Transgender Men Receiving Hormone Therapy at Increased Risk for Blood Clots

An analysis of data from the Amsterdam Cohort of Gender Dysphoria study is shedding light on the risk of erythrocytosis seen in transgender men receiving testosterone therapy.

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Data from a 20-year follow-up study of gender diverse people indicates more than 10% of transgender men receiving testosterone therapy went on to develop dangerous blood clots.

Led by investigators from the Department of Endocrinology and Center of Expertise on Gender Dysphoria at Vrije Universiteit Medical Center, results of the study indicate patients saw the greatest increase of hematocrit during the first year and provide insight into potential avenues for mitigating this risk.

"Erythrocytosis is common in transgender men treated with testosterone, especially in those who smoke, have high body mass index (BMI) and use testosterone injections," said lead investigator Milou Cecilia Madsen, MD, of the VU University Medical Center Amsterdam in the Netherlands, in a statement. "A reasonable first step in the care of transgender men with high red blood cells while on testosterone therapy is to advise them to quit smoking, switch injectable testosterone to gel, and if BMI is high, to lose weight."

With testosterone therapy common among transgender men undergoing gender-affirming treatment, investigators sought to develop a greater understanding of the prevalence and predictors of erythrocytosis in these patients. To do so, the current study was designed as part of the Amsterdam Cohort of Gender Dysphoria (ACOG) study, which was conducted from 1972-2015 and contained data from 6793 people who visited the Center of Expertise on Gender Dysphoria.

For the purpose of the current study, investigators only included transgender men who started testosterone therapy and had at least one follow-up visit after starting testosterone therapy. Of note, the investigators excluded patients if they discontinued testosterone therapy during follow-up or if they were missing information related to the starting date of testosterone therapy or laboratory results.

Additionally, the study also allowed investigators access to information related to medication use, medical history, duration of hormonal treatment, testosterone administration route, BMI, tobacco use, alcohol use, and laboratory results of testosterone levels and hematocrit.

In total, 1073 patients were identified for inclusion in the study. The ACOG study included 2398 transgender men, but 431 were excluded due to a missing start date of hormone therapy and an additional 894 were excluded due to no available laboratory results. Of the 1073 included, the median age at the start of hormone therapy was 22.5 (IQR, 18.4-31.8) years and the mean BMI at the start of hormone therapy was 24.5 (SD, 5.5) years. Investigators noted 38% reported tobacco use and 8.6% reported having conditions associated with erythrocytosis—these included pulmonary conditions associated with erythrocytosis (7.6%), obstructive sleep apnea (0.7%), and polycythemia vera (0.4%).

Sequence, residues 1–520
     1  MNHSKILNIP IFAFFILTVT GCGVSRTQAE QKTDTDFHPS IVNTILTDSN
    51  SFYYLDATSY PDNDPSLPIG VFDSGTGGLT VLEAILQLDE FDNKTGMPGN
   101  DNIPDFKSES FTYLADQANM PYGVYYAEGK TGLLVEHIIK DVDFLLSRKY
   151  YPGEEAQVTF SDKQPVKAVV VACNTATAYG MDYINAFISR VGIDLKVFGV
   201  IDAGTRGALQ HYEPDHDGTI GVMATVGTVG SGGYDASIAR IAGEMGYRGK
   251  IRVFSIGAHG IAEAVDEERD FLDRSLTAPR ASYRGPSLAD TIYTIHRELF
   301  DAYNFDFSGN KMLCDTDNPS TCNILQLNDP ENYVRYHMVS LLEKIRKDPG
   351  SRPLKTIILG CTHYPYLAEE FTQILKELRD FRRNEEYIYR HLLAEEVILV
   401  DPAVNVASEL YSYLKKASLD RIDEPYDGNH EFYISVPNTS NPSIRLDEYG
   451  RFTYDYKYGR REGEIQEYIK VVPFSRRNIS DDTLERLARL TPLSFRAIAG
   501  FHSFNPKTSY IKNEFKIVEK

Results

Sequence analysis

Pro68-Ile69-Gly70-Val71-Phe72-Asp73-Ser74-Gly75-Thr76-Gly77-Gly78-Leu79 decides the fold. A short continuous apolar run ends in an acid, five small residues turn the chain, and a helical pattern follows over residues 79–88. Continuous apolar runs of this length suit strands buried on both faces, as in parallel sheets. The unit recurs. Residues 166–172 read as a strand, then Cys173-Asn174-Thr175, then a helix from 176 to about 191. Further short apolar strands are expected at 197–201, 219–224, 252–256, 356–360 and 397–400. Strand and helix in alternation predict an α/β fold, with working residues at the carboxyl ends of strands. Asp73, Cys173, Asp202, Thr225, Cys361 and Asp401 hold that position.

For the purpose of analysis, investigators categorize patients based on hematocrit levels. These groups were defined as greater than 0.50 l/l, greater than 0.52 l/l, and greater than 0.54 l/l.

Upon analysis, results indicated erythrocytosis occurred in 11% of transgender men with hematocrit levels of 0.50 l/l, 3.7% of transgender men with hematocrit levels greater than 0.52 l/l, and 0.5% of transgender men with a hematocrit level greater than 0.54 l/l. Results of the analysis suggest tobacco use (OR, 2.2; 95% CI, 1.6-3.3), long-acting undecanoate injections (OR, 2.9; 95% CI, 1.7-5.0), age at initiation of hormone therapy (OR, 5.9; 95% CI, 2.8- 12.3), BMI (OR, 3.7; 95% CI, 2.2-6.2), and a medical history of pulmonary conditions (OR, 2.5; 95% CI, 1.4-4.4) were associated with increased risk of erythrocytosis in patients with hematocrit greater than 0.50 l/l.

Additionally, results indicated hematocrit levels increased most during the first year of testosterone therapy, with levels increasing from 0.39 l/l at baseline to 0.45 l/l after the first year. Investigators pointed out that there was only a slight continuation of this increase in the remainder of the follow-up period, but the risk for develop erythrocytosis continued to increase from 10% after 1 year to 38% after 10 years.

This study, “Erythrocytosis in a large cohort of trans men using testosterone: a long-term follow-up study on prevalence, determinants and exposure years,” in the Journal of Clinical Endocrinology and Metabolism.